by Richard Santos

Hieronymus Smith is a man who hates nicknames. From his earliest childhood he would brook no one, be they casual friend, boastful parent or mocking bully, calling him "Hero." Hieronymus would not be shortened or slotted into a two-syllable simplified version of himself. He returned this favor by not referring to anyone by any nickname or abbreviation. He knows no "Jim" no "Rick" no "Jen" no "Liz." Despite this injunction, which Hieronymus often delivered with frustrated grunts and a blotchy blustery face, in this text, "Hero" is precisely what I intend to name him.

Hero is a cultured man. He has an entire room devoted to books, newspapers, magazines and the other assorted ephemera of the written word. There are tall cedar bookshelves built into the walls; they hold volumes of variegated shapes, thicknesses, heights and colors. There is a chestnut-colored cloth-upholstered sofa near the brown-framed window. When he peruses rare tomes he uses a small lectern and a green-glass lamp. He has a bright red fish in a small round bowl on the corner of the desk; he likes the fish, but not to excess. There is no television, and there is no mechanism through which to play music. There is a black rotary phone on his desk that he only uses to inquire on book-related queries or purchases; no one has the number and Hero often forgets it himself.

Amongst his prized books are: a second quarto of Shakespeare's Troilus and Cressida, multiple and assorted first editions of many late 19th Century works of English realism, an original Précis de l'histoire de l'astronomie by Laplace, and a Ben-Hur third edition from 1860.

On this fateful afternoon, Hero was savoring every well-chosen word and delicately constructed sentence of what is often termed a "classic" novel. He was on the third line down on page 236 (a left-facing page), and just raising his glass of ice-cold water to his lips when the phone rang. Hero's shoulders tensed at the ring so metallic and angular. He instinctively felt he must answer because that is what one does with a ringing phone.

As he leaned forward in his chair and stretched his left hand towards the phone, his right hand, which still held the almost full glass of cold water, strayed over his book and a single drop that had condensed on the outside of his glass grew obese and plonked onto the open page with a moistly audible thump.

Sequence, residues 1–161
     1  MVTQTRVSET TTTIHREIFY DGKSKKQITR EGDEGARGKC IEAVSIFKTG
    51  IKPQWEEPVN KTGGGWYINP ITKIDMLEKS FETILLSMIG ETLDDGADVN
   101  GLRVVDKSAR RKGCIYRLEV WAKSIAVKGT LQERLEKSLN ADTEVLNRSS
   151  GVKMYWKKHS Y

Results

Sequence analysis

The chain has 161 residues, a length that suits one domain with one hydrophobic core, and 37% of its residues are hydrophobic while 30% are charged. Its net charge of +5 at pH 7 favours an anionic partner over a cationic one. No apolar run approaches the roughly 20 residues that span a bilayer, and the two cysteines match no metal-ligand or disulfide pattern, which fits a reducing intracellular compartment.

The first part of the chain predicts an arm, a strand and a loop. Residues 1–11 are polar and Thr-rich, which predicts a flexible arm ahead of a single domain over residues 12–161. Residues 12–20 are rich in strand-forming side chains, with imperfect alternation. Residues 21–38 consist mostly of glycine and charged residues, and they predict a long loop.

The phone continued to ring as Hero stared at the drop resting on the lower right hand corner of page 237. This sudden violation of the water was both horrifying and curious in its rarity.

The drop was thick and fat; it curved into a perfect dome on the page and seemed content and solid sitting on his book. For the brief second it had not started to soak into the page, the letters "ago" underneath the drop were magnified and he could see the fibrous grain of the paper. Hero couldn't move until the drop's tall dome began to lose shape and seep into the page. There was a napkin next to his hand. He knew he needed to sop because rubbing might tear the page.

The magnified letters started to bleed along their edges and he quickly dropped the napkin on the book. Hero watched a circle appear on the napkin above the drop; the wet spot grew outward in a steady circle from its starting point and the entire napkin was quickly wet. He lifted the napkin; the drop had soaked in and was spreading across the original page, and moving steadily to the opposite page. Hero dropped the wet napkin onto his desk and stood up out of his chair. He could see the letters growing hazy; the pages began to curl as the water pulled the paper into waves.

He picked up the book, which had grown heavy as the water flowed forward and back through the narrative. Holding the book upside down released some water onto the carpet but did nothing to stop its relentless march. He handled the novel gently because he was still afraid to rip any of the delicately sodden pages.

The phone kept ringing as Hero gently placed the soaked novel in the sunlight of the windowsill. His foot came down in a puddle on the carpet that had formed when he held the book upside down. Reaching for a pile of napkins Hero saw his nervous reflection in a thin sheen of water that had covered the desk.

His eye fell on the napkin that he had originally used to sop up the drop; it was still leeching fresh water as if fed by a hidden current. He dropped more napkins onto the desk; but they were quickly imbued and he could see the color of the desk beneath the now loosely translucent napkins. His blood iced as he watched the heavy brown wood of his desk begin to fade to a grainy tan as the water saturated the veins in the wood. The napkins aren't working. Why aren't the napkins working? Napkins always work. The desk had now become the color of milky sand and was growing still lighter.

Hero's shoes squelched into the carpet as he gently trod towards the window. All of the ink had flowed out of the book and was dissipating in the glaze of water on the windowsill. The pages had the tenuous shine of damp rice paper.